The 187-page poem In Parenthesis is in seven sections, and it tells the story of a group of British soldiers of all ranks as they proceed from England to the trench warfare at the battle of the Somme. The action, therefore, is set during World War I but extends only from December, 1915, to July, 1916.
The preface and the thirty-five pages of footnotes, both written by David Jones, should be considered a part of the poem. In the preface, David Jones explains that the title refers, first, to the war itself as a “space between,” a turning aside from the regularity of one’s ordinary business. Second, he implies that life itself, “our curious type of existence here,” is a space between nonexistence and the future.
T. S. Eliot’s “A Note of Introduction” was added in 1961 and suggests that readers will have to “get used to” this unusual poem. Eliot puts his literary mantle over Jones by including him in a quartet of modern writers (Eliot himself, James Joyce, and Ezra Pound being the other three) whose lives were altered by the war, but he singles Jones out as the only one of the four who had actually been a soldier.
The first section introduces the reader to the principal characters: Major Lillywhite, Captain Gwynn, Lieutenant Piers Jenkins, Sergeant Snell, Corporal Quilter, Lance-Corporal Aneirin Lewis, and Private John Ball. They, and others, are members of the Royal Welsh Regiment, 55th Battalion, “B” Company, No. 7 Platoon. They are somewhat clumsy and apprehensive of the new role that has been thrust upon them, as they move across the Channel and disembark from “cattle trucks” on French soil.
In section 2, the platoon sees its first, impersonal, action, coming with an explosion of “some stinking physicist’s destroying toy.” This literal explosion interrupts a personal “explosion” by Sergeant Snell, who is caught in mid-sentence in a diatribe against Private Ball. The explosion rips up the dirt and plants, covering in disorder the invading “order” of the soldiers’ camp.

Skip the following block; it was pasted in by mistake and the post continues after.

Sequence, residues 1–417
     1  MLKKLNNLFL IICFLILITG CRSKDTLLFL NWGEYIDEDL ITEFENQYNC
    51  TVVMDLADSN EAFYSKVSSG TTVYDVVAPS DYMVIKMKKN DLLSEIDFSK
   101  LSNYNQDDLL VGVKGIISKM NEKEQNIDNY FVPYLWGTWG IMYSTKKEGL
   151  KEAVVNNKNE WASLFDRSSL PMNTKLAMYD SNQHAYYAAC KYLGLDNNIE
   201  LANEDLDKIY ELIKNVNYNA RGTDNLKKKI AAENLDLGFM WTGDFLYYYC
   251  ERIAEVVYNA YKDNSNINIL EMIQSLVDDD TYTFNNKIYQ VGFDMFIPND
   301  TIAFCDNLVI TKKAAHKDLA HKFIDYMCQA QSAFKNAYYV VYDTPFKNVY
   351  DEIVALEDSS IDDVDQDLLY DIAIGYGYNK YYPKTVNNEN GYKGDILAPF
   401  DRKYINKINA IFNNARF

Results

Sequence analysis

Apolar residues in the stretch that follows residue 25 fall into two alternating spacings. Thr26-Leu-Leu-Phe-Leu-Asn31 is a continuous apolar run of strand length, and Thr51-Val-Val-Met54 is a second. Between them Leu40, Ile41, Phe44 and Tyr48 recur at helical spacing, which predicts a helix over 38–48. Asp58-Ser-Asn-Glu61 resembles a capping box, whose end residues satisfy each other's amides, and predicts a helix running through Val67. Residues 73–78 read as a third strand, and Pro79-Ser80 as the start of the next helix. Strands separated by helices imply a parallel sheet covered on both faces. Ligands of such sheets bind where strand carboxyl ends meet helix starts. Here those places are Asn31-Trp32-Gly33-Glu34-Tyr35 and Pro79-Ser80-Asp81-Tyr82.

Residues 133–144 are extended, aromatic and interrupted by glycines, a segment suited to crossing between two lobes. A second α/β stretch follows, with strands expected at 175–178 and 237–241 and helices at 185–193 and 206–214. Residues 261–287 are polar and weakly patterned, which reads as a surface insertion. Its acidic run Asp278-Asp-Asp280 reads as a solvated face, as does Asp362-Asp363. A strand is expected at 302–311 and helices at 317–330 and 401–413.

Section 3 is a nightwatch. Little happens, and very little can be seen. The men cannot see one another clearly enough to recognize their companions. Private Ball, who has by now become the principal figure in the poem, particularly feels a sense of isolation. In section 4, the soldiers are in the midst of the waiting for something to happen. Even as the rain falls miserably down, Lance-Corporal Lewis stands up and offers a paean to all the war heroes in Western history. His speech is somewhat surrealistic in its grandeur and scope, as if he were temporarily possessed by the valor of so many who died in catastrophes similar to World War I.
In section 5, several soldiers get promotions (Quilter, Watcyn, and Jenkins, though Watcyn soon loses his for drunkenness). The troops see more action, and the platoon has its first death. Meanwhile, the focus of each individual becomes increasingly narrow: Each day becomes more important; each minor celebration, like a food parcel from home, seems more significant. Tension increases beneath the “ordinariness” of it all.
Section 6 is the final preparation of the battalion for its turn on the front line. Private Ball sees his friends from back in England, from back before this parenthetical war, one final time. The battalion moves forward and sees, along the road, dead mules “sunk in their servility.” The soldiers cannot help but think of themselves in similar terms.
In the concluding section, characters from the opening of the poem are killed. The killing seems arbitrary, not for any didactic or balancing purpose. Lance-Corporal Lewis dies anonymously, unobserved. Jenkins leads the platoon into battle and is quickly mowed down. Next to die is Sergeant Quilter, who had assumed temporary command. Lillywhite also dies. Private John Ball survives, however, having been wounded in the leg. In the end he discards his rifle and lies down by a fallen oak, hoping the stretcher-bearers will find him...
(The entire section is 1,416 words.)